Apex, the government agency that promotes investment opportunities to international investors, says 126 auctions of private concessions will be held in 2022, ranging from airports to ports and national parks. The auctions are expected to generate over $67 billion in investment. In addition, the government expects to raise around $12 billion from a capital increase of Eletrobrás, a state-controlled electric power utility that is to be privatized in the first half of 2022.
“The investment partnerships program, which was launched in 2016, facilitated $121 billion in investments and $26 billion in concession fees from 2019 to 2021,” Adalberto Netto, Apex’s chief investment officer, tells LatinFinance.
“The Bolsonaro government has given a very strong push since 2019 to really disinvest and to privatize many areas of the economy: ports, airports, mining rights, hospitals, roads, railways and so on. So, it is really a part of a positive shift toward expanding the role of the private sector,” Netto says.
As part of this push, financing tools have been adapted to attract more investors to help accelerate the modernization of Brazil’s infrastructure. Debentures, for instance, have become an increasingly popular instrument to finance projects.
Companies raised some BRL150 billion from the 500 so-called incentivized infrastructure debentures issued since they were created a decade ago, according to Natália Marcassa, the planning and partnership secretary at the Ministry of Infrastructure. Of the debentures, which provide tax exemptions to Brazilian individual investors, BRL36 billion was raised during the first 10 months of 2021 – more than double the BRL15 billion in the year-earlier period – with an average tenor of 11.5 years, according to official figures. Of the debentures, 40% were acquired by financial institutions, 26% by individuals and 20% by investment funds, the figures show.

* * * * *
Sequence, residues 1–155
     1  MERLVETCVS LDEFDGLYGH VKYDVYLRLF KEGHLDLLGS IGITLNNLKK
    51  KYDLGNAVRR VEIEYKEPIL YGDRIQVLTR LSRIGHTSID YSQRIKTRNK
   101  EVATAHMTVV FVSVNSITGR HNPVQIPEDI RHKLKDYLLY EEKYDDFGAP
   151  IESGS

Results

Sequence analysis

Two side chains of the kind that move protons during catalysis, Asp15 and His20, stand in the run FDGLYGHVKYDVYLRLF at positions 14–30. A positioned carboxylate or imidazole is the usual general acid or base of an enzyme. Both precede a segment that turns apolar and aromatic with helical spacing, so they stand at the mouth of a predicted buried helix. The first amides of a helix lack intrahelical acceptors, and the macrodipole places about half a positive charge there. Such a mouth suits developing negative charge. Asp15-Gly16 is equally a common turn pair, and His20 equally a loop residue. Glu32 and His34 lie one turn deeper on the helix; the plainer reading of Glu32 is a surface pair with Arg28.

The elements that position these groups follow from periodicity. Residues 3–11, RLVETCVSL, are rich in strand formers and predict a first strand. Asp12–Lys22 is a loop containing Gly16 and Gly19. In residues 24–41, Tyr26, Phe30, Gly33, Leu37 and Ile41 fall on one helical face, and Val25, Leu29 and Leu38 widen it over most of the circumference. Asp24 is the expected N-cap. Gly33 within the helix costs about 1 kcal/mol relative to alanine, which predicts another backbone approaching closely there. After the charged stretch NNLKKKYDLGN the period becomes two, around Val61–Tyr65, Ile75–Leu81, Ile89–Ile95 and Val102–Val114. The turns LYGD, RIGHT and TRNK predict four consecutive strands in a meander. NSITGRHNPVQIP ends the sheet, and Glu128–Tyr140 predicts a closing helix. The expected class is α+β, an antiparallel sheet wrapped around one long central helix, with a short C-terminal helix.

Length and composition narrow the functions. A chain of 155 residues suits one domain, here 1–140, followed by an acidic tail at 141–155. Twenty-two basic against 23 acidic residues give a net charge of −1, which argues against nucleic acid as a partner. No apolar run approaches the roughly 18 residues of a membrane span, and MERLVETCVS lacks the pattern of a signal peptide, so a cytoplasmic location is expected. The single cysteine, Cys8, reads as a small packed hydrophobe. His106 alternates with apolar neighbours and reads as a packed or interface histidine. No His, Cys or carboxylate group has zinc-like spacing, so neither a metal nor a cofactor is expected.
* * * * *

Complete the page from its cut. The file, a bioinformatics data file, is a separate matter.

A reform is now underway to extend the tax benefits of infrastructure debentures to institutional and foreign investors, and regulations have been proposed to mitigate exchange rate volatility and take other steps to attract more international investors to invest in these project bonds.
“We want to reach two types of investors with deep pockets: institutional investors and international investors,” Marcassa said last December in a debate held by Valor Econômico, a Brazilian newspaper. These investors only account for 5% of the investors in project bonds, according to government figures.
Companies that raise funds through the sale of infrastructure debentures would also be eligible to the tax benefits.
“They will benefit from an interest rate rebate of up to 30% per year,” Inter.B’s Frischtak and a few other economists wrote in a recent paper. “The main point is to reduce companies’ funding costs so that they can extend securities to institutional investors at more attractive interest rates.”
Freitas is confident that widening the sale of debentures will bring more investment to infrastructure projects.
“When you create a series that allows the issuance of debentures abroad in foreign currency and according to the rules of the country of origin, you also create another access door to credit,” he says. “In the end, you are removing some obstacles and you are addressing this issue of investors’ appetite. You will make the banks, once they are syndicated, have more appetite for risks, accepting, for example, to take more risks during the pre-completion period and to place the project in capital markets after the financial completion.”
The infrastructure debentures reform was approved by the lower house of Congress last July, but it still must gain the nod of the upper house in 2022.
“It is a change in legislation that facilitates access to debt financing for infrastructure,” says Apex’ Netto.
Freitas adds that international investors will also be able to issue infrastructure debentures abroad, opening even more opportunities for projects to be financed – and for him to be able to slam down his gavel at auctions.
“If you create a new class of debentures, you can bring in more money. You will be able to issue these bonds abroad,” he says. “Once the bill is passed, there will be more and more project bonds.” LF